Table of contents:

How, thanks to prisoners, thousands of rare hazel dormouse received houses
How, thanks to prisoners, thousands of rare hazel dormouse received houses

This summer was an incredibly important event for the People's Endangered Species Fund (PTES). This event was the 1000th Hazel Dormouse, raised in captivity and released into the wild. All this happened in full accordance with the scheme of reintroduction of these furry cuties. The most interesting thing is that not quite ordinary people contributed to the success of this campaign. How PTES teamed up with a local prison to save a rare species from extinction is further in the review.

Hazel dormouse

Hazel dormouse in Great Britain is often called simply "dormouse". This is the only species of these cutest animals that is not imported from somewhere, but lives in the British Isles. In 2010, a hazel dormouse was discovered in County Kildare. In general, these adorable creatures apparently thrive in Ireland due to the abundance of hedges there.

Little fluffy charms

Sleepyheads are very small. Their body is only about 10 centimeters long. The tail is from 5 to 8 centimeters. They have tiny black beads of eyes, small ears. The fur of these pussies is mostly reddish brown, turning into golden brown on the tummy. In the summer, dormouse weighs about 20 grams. In winter, the weight of the animal doubles, because you need to survive hibernation without problems.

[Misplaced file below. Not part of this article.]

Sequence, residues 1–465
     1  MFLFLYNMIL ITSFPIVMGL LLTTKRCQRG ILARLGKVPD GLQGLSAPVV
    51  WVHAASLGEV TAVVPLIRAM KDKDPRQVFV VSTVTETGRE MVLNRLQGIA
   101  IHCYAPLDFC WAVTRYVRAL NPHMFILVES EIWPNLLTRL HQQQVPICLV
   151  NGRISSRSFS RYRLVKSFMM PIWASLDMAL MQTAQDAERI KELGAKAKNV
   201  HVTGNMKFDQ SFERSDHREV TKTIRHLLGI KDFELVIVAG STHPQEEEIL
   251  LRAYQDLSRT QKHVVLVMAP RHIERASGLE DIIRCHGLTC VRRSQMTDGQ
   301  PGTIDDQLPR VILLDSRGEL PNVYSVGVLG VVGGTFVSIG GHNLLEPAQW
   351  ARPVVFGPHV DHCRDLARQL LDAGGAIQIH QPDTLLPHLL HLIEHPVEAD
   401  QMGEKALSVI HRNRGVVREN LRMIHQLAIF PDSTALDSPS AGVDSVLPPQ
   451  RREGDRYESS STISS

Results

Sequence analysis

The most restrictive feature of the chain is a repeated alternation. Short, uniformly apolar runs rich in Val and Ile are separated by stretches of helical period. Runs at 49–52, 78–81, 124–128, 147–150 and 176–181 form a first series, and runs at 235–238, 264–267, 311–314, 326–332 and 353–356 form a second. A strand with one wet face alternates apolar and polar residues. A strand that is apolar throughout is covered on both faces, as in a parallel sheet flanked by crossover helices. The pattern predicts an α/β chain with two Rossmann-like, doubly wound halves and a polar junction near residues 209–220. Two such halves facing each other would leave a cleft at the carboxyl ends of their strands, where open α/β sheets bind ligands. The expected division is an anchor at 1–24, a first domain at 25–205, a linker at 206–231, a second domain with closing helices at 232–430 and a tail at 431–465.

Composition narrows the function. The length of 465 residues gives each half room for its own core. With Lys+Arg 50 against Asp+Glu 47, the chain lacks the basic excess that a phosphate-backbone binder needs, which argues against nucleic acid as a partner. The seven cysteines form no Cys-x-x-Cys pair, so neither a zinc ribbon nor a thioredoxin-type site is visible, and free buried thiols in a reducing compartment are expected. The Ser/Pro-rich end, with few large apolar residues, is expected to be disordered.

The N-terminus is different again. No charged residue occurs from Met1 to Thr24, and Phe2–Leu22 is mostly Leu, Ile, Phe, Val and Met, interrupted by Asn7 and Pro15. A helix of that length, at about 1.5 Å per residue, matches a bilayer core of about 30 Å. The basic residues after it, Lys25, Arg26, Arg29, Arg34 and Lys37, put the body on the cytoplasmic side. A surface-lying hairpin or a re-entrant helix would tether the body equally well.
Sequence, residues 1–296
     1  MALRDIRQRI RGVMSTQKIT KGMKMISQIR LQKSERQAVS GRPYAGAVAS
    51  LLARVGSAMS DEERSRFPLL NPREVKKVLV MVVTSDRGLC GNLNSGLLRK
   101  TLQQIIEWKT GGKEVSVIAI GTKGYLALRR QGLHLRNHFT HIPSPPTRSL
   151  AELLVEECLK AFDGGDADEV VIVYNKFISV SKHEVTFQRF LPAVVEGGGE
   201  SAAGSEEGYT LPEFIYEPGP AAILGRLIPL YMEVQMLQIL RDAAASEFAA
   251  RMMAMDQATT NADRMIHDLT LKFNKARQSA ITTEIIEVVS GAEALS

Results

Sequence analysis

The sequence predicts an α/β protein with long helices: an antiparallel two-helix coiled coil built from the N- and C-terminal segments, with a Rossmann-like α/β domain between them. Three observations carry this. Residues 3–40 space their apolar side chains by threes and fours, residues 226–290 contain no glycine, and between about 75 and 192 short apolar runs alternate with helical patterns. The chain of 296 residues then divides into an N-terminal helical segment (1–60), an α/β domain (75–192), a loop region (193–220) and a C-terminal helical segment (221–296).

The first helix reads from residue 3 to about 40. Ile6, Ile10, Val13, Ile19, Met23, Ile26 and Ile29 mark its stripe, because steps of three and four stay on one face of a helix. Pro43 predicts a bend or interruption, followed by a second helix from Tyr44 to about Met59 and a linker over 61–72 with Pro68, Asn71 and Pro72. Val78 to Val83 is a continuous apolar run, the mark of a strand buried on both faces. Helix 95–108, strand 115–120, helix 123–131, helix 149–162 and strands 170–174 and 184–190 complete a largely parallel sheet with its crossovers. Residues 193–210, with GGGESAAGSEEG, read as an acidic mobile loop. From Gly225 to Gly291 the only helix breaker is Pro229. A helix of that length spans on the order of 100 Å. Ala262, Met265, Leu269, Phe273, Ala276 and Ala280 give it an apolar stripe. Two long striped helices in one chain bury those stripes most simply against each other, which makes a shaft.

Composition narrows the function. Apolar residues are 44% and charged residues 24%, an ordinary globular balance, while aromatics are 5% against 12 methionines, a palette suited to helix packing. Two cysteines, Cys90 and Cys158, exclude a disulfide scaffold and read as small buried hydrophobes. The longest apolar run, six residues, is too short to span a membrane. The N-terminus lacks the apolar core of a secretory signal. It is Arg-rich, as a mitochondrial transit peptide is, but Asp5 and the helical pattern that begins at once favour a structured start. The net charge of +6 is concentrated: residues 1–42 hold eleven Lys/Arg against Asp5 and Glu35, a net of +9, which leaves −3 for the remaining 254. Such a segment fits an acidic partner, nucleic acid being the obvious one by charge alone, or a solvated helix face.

They curl up and sleep

These cuties usually live in and around trees. They are very wary of running on the ground. Dormouse's diet consists mainly of berries, nuts, fruits, as well as aphids and caterpillars. For example, a nut with a neat round hole in its shell is a clear sign that these fluffy adorable are wielding somewhere nearby. They like to eat them this way, unlike squirrels and birds, which split the shell or punch a more jagged hole.

Sleepyheads sleep most of their lives, living up to their name

Besides hibernating from October to April or May, dormouse can also spend some time numb during the summer months. This happens when the weather is particularly cold and humid. It can also happen when there is a shortage of food. The fact that the dormouse spends most of its life in a dream explains both its name and the many images of this animal, touchingly curled up in a ball.

Unfortunately, the loss of forest habitats, as well as global warming, have proven to be a serious threat to this entire species. A 2020 study found that their numbers have declined 51% over the past 20 years, and they have virtually become extinct in 17 counties in England.

With your favorite berries

Reintroduction scheme

As part of its Back on Our Map (BOOM) reintroduction scheme, PTES has been conducting it annually for hazel dormice since 1993. BOOM is a collaborative effort between PTES, the University of Cumbria and the Morecambe Bay Partnership to restore extinct or endangered animal species across the UK.